Over the last several years, Doo and Wong have forged an ironclad dynamic within the world of ping pong, earning admiration for wins in competitions all around the world. Together, they are ranked fourth in the world and will have their sights set on building upon Hong Kong’s 2004 silver in Athens. Hong Kong will certainly be flexing its strength in this year’s games: also heading to Tokyo are Ho Kwan-kit and Lam Siu-hang in the men’s team and singles, and Lee Ho-ching and Soo Wai-yam in the women’s team and singles. The squad is also the city’s first fully home-grown Olympic team after Hong Kong sent mainland China-born players in the past.
Hayley Chan Hei-Man
London 2012 gave Hayley Chan Hei-man her first Olympic outing—a year later, she was ranked second in the world in the RS:X class. The 30-year-old windsurfer narrowly missed out on qualification in 2016 and considered quitting her sport until a pep talk from a former secondary school teacher helped her find her motivation again. Over the past nine years, Chan has broadened her experience as a surfer, picked up gold at the 2014 Asian Games, and has trained hard with her team in Stanley. If anyone can continue San San’s legacy, it’s Chan.
She says: “The important thing is how I’ll deliver my performance on the day, especially in the Olympics when it’s going to be a lot more tense. Sometimes, I care too much about results and it throws my game plan into disarray. The chance is always there in Tokyo.”
Michael Cheung Chun-Leung
Making his second Olympic attempt after placing eighth in the 2016 games, Michael Cheng Chun-leung will surf the RS:X board once again for Hong Kong in Tokyo. Cheng, 27, bagged silver at the 2018 Asian Games in Indonesia. But his best year to date was 2019, when he came second in the Asian Windsurfing Championships and won the Trofeo Princesa Sofía, an annual regatta in Mallorca. Whether the extra year’s training was a help or a hindrance for Cheng will become clear when he takes to the waves in the Enoshima Yacht Harbour this month.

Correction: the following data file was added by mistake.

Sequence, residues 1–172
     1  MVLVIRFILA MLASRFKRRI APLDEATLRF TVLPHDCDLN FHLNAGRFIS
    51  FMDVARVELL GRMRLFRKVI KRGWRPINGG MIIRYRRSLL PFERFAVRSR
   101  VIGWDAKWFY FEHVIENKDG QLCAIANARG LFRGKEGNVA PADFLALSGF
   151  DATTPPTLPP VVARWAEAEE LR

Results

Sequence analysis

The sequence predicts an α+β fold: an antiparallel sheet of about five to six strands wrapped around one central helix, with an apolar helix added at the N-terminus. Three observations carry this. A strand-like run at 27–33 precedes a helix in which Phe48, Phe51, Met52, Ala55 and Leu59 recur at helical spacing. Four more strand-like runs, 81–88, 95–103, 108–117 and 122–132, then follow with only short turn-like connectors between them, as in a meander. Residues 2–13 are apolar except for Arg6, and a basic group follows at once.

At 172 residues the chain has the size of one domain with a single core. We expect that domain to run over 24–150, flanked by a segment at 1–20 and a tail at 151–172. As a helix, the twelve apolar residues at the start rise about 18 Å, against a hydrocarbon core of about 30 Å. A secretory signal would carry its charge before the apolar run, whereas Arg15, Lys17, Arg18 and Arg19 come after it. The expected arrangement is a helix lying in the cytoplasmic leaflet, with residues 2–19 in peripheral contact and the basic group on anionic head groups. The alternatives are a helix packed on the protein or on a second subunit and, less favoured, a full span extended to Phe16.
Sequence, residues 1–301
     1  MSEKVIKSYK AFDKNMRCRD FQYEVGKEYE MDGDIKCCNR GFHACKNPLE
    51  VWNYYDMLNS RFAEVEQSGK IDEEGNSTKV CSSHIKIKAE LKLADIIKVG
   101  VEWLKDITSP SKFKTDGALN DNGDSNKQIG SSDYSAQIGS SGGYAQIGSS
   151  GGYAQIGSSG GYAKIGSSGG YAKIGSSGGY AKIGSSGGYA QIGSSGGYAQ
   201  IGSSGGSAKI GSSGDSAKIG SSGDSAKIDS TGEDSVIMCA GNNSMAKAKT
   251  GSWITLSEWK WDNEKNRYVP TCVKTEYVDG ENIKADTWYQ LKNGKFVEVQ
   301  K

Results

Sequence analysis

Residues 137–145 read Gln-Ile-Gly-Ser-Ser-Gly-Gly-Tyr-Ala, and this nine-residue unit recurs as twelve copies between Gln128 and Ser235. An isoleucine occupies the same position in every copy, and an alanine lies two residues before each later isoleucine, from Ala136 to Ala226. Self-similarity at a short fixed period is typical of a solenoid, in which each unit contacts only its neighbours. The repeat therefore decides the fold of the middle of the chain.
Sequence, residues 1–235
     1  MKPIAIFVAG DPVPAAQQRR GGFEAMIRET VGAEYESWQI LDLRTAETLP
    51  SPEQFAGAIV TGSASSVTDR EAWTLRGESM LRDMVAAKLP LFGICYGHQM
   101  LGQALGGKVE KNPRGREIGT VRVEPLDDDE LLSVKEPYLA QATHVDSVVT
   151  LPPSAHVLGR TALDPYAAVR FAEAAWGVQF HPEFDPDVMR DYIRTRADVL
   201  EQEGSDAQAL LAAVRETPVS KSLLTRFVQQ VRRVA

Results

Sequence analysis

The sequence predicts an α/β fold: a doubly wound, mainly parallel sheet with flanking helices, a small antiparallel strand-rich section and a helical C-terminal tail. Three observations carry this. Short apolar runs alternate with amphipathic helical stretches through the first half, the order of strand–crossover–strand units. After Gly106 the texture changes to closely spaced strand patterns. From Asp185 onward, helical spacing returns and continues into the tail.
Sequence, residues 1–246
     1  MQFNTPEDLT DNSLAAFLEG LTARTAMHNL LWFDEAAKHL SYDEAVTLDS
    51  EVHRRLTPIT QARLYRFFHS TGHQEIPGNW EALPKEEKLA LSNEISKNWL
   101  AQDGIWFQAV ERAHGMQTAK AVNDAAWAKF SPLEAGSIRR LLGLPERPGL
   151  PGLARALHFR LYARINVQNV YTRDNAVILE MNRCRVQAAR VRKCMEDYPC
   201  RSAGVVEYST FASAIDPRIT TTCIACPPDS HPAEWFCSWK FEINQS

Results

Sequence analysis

He says: “Life is all about the journey, and the journey of the Olympic campaign is always full of sweat, tears and lots of ups and downs.”
Vivian Kong Man-Wai
Hong Kong has an eight-strong fencing team for Tokyo but its greatest expectations lie on Vivian Kong Man-wai, a powerhouse on the piste. The 27-year-old will mask up as part of the women’s épée individual and team events. In 2019, she was ranked world No 1 and became the first Hongkonger to win a World Cup title, when she did so in Havana, preceded by an Asian Championship win a year earlier in Bangkok. Last year, Kong was still wrangling with a knee injury that struck after her 2019 victory, and this Olympics will be a test of whether her diligence in training and recovery has paid off. Joining her in Tokyo will be fellow fencers Lawrence Ng Lok-wang, Cheung Ka-long, Cheung Siu-lung, Ryan Choi Chun-yin, Kaylin Hsieh Sin-yan and Coco Lin Yik-hei.
She says: “A year without competitions has helped me focus on learning and being creative about fencing, rather than being stressed out about my results at every competition. I can’t wait. I think I will be super nervous but I tell myself that I’m just excited. I really want to do well and bring some good news back home.”